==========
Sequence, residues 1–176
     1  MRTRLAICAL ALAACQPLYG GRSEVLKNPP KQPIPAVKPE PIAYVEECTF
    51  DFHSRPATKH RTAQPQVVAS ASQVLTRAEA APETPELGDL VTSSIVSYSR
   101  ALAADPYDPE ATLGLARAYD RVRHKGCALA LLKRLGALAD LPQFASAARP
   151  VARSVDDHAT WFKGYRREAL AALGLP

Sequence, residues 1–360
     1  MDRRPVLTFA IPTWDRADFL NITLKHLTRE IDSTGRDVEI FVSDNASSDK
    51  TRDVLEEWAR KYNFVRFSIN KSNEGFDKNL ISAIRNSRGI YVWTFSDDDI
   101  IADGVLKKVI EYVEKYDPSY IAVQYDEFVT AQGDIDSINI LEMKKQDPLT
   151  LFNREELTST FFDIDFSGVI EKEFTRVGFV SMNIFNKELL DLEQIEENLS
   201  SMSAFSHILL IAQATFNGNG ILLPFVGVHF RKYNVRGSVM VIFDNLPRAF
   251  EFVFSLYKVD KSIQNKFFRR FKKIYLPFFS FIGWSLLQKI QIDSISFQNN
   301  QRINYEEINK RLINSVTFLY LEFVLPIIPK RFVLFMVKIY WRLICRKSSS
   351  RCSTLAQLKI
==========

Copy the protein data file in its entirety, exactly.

Sequence, residues 1–176
     1  MRTRLAICAL ALAACQPLYG GRSEVLKNPP KQPIPAVKPE PIAYVEECTF
    51  DFHSRPATKH RTAQPQVVAS ASQVLTRAEA APETPELGDL VTSSIVSYSR
   101  ALAADPYDPE ATLGLARAYD RVRHKGCALA LLKRLGALAD LPQFASAARP
   151  VARSVDDHAT WFKGYRREAL AALGLP

Sequence, residues 1–360
     1  MDRRPVLTFA IPTWDRADFL NITLKHLTRE IDSTGRDVEI FVSDNASSDK
    51  TRDVLEEWAR KYNFVRFSIN KSNEGFDKNL ISAIRNSRGI YVWTFSDDDI
   101  IADGVLKKVI EYVEKYDPSY IAVQYDEFVT AQGDIDSINI LEMKKQDPLT
   151  LFNREELTST FFDIDFSGVI EKEFTRVGFV SMNIFNKELL DLEQIEENLS
   201  SMSAFSHILL IAQATFNGNG ILLPFVGVHF RKYNVRGSVM VIFDNLPRAF
   251  EFVFSLYKVD KSIQNKFFRR FKKIYLPFFS FIGWSLLQKI QIDSISFQNN
   301  QRINYEEINK RLINSVTFLY LEFVLPIIPK RFVLFMVKIY WRLICRKSSS
   351  RCSTLAQLKI